Relationship between Serum Leptin and Indices of Sleeping Energy Expenditure in Sedentary Women

2.50
Hdl Handle:
http://hdl.handle.net/10755/158606
Type:
Presentation
Title:
Relationship between Serum Leptin and Indices of Sleeping Energy Expenditure in Sedentary Women
Abstract:
Relationship between Serum Leptin and Indices of Sleeping Energy Expenditure in Sedentary Women
Conference Sponsor:Midwest Nursing Research Society
Conference Year:2002
Author:Nies, Mary, PhD
P.I. Institution Name:Wayne State University
Title:Associate Dean for Research
Contact Address:College of Nursing, 319 Cohn, 5557 Cass Avenue, Detroit, MI, 48202, USA
Contact Telephone:313.577.4135
Currently, more than 50% of adults in the United States are overweight and nearly 20% are obese. Leptin is one hormone thought to influence bodyweight regulation by decreasing food intake and increasing energy expenditure. Interestingly, studies of humans have been limited to waking states. As waking states are potentially more prone to external influence, the purpose of this study is to investigate whether serum leptin levels are associated with sleeping energy expenditure. Basal serum leptin levels, sleeping energy expenditure, and percentage body fat were obtained from 17 sedentary women. Results of heirarchical regression analysis controlling for percentage body fat revealed that serum leptin levels predicted sleep in genergy expenditure t(1, 16)=2.23, p=.045. Results suggest that serum leptin levels maybe associated with sleep or basal energy expenditure. An improved understanding of the biological mechanisms that regulate body weight may lead to more effective interventions for obesity.
Repository Posting Date:
26-Oct-2011
Date of Publication:
17-Oct-2011
Sponsors:
Midwest Nursing Research Society

Full metadata record

DC FieldValue Language
dc.typePresentationen_GB
dc.titleRelationship between Serum Leptin and Indices of Sleeping Energy Expenditure in Sedentary Womenen_GB
dc.identifier.urihttp://hdl.handle.net/10755/158606-
dc.description.abstract<table><tr><td colspan="2" class="item-title">Relationship between Serum Leptin and Indices of Sleeping Energy Expenditure in Sedentary Women</td></tr><tr class="item-sponsor"><td class="label">Conference Sponsor:</td><td class="value">Midwest Nursing Research Society</td></tr><tr class="item-year"><td class="label">Conference Year:</td><td class="value">2002</td></tr><tr class="item-author"><td class="label">Author:</td><td class="value">Nies, Mary, PhD</td></tr><tr class="item-institute"><td class="label">P.I. Institution Name:</td><td class="value">Wayne State University</td></tr><tr class="item-author-title"><td class="label">Title:</td><td class="value">Associate Dean for Research</td></tr><tr class="item-address"><td class="label">Contact Address:</td><td class="value">College of Nursing, 319 Cohn, 5557 Cass Avenue, Detroit, MI, 48202, USA</td></tr><tr class="item-phone"><td class="label">Contact Telephone:</td><td class="value">313.577.4135</td></tr><tr class="item-email"><td class="label">Email:</td><td class="value">m.nies@wayne.edu</td></tr><tr><td colspan="2" class="item-abstract">Currently, more than 50% of adults in the United States are overweight and nearly 20% are obese. Leptin is one hormone thought to influence bodyweight regulation by decreasing food intake and increasing energy expenditure. Interestingly, studies of humans have been limited to waking states. As waking states are potentially more prone to external influence, the purpose of this study is to investigate whether serum leptin levels are associated with sleeping energy expenditure. Basal serum leptin levels, sleeping energy expenditure, and percentage body fat were obtained from 17 sedentary women. Results of heirarchical regression analysis controlling for percentage body fat revealed that serum leptin levels predicted sleep in genergy expenditure t(1, 16)=2.23, p=.045. Results suggest that serum leptin levels maybe associated with sleep or basal energy expenditure. An improved understanding of the biological mechanisms that regulate body weight may lead to more effective interventions for obesity.</td></tr></table>en_GB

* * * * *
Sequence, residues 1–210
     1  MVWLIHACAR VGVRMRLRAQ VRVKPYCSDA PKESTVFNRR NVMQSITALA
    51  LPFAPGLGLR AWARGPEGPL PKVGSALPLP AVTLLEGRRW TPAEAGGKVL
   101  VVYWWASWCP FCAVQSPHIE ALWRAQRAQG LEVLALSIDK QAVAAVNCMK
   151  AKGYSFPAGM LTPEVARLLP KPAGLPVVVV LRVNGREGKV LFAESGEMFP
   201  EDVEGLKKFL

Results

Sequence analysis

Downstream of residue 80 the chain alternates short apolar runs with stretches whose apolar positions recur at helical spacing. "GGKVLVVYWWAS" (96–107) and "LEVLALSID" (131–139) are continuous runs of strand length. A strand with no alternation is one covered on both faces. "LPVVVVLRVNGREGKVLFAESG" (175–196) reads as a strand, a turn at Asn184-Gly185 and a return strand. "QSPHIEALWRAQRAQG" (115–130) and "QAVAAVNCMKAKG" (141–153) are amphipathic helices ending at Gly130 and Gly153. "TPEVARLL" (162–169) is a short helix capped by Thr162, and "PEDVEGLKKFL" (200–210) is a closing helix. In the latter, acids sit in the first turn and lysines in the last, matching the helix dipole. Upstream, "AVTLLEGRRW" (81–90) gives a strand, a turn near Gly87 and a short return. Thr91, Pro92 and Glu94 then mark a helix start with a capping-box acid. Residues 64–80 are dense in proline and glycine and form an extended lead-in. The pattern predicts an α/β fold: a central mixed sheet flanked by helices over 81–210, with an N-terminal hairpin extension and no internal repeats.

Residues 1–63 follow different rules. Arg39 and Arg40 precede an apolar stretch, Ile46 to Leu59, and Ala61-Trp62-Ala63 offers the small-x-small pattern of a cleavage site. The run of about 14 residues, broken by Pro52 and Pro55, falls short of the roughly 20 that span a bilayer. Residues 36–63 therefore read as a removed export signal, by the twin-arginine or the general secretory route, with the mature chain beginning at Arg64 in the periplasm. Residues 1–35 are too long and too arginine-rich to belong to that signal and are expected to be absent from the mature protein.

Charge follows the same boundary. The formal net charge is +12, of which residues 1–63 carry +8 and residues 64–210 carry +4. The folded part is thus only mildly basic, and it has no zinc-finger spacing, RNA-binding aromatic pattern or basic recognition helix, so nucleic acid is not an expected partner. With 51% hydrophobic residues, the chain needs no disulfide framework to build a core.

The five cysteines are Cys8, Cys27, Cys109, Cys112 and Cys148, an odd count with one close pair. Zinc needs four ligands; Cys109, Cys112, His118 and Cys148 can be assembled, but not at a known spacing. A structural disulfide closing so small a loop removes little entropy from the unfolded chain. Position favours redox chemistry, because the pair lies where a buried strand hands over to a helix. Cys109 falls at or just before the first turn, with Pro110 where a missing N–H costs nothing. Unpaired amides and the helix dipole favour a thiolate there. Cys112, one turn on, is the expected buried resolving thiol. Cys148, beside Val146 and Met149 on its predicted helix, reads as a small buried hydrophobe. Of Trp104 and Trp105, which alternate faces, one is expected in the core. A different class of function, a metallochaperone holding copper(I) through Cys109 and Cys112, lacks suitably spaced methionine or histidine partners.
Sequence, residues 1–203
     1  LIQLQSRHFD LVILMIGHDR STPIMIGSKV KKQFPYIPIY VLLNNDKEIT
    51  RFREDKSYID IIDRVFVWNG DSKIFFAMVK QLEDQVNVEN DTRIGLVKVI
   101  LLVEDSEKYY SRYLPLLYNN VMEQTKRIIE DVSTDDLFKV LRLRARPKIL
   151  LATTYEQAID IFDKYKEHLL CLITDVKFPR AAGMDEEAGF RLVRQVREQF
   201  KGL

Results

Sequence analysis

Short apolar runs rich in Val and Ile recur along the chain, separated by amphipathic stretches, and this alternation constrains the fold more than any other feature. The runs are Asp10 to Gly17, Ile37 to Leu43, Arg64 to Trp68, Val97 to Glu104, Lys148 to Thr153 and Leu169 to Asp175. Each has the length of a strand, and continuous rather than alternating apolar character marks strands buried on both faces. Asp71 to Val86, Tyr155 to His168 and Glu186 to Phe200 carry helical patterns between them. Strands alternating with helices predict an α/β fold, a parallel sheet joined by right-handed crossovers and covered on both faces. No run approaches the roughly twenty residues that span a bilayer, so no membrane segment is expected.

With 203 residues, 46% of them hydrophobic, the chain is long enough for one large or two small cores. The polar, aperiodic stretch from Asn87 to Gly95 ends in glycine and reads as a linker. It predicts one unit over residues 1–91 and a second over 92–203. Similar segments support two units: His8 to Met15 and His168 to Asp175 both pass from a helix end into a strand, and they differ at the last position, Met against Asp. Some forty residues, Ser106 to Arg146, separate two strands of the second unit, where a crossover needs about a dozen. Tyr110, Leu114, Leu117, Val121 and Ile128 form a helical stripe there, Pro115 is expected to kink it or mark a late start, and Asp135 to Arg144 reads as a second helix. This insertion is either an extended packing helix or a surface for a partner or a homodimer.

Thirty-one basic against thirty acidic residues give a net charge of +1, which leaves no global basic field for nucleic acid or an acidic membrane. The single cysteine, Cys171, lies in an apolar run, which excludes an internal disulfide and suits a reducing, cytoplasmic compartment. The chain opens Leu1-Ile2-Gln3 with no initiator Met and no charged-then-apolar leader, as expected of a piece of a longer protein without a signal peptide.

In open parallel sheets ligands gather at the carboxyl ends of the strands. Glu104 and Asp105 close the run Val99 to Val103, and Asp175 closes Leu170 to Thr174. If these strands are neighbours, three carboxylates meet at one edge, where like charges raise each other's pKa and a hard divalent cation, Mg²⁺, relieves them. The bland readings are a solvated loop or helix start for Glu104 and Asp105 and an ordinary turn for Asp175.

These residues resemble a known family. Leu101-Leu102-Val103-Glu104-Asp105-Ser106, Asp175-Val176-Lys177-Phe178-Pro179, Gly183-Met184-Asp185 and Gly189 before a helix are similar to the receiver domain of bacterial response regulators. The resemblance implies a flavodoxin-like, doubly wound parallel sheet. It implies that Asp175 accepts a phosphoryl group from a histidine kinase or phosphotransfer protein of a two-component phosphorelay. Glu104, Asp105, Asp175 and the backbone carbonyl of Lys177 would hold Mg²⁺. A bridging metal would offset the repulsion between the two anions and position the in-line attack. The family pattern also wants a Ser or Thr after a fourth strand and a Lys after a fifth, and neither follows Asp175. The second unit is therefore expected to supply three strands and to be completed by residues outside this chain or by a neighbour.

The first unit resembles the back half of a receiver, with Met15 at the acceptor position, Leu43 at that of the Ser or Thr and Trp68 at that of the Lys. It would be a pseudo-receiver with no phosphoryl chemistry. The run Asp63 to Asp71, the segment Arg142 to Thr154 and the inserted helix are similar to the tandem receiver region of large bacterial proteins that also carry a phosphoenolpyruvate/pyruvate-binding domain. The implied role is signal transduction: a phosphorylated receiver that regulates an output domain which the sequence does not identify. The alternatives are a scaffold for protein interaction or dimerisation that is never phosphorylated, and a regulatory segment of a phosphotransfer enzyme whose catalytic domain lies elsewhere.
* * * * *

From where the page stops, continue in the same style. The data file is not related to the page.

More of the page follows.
dc.date.available2011-10-26T21:13:15Z-
dc.date.issued2011-10-17en_GB
dc.date.accessioned2011-10-26T21:13:15Z-
dc.description.sponsorshipMidwest Nursing Research Societyen_GB
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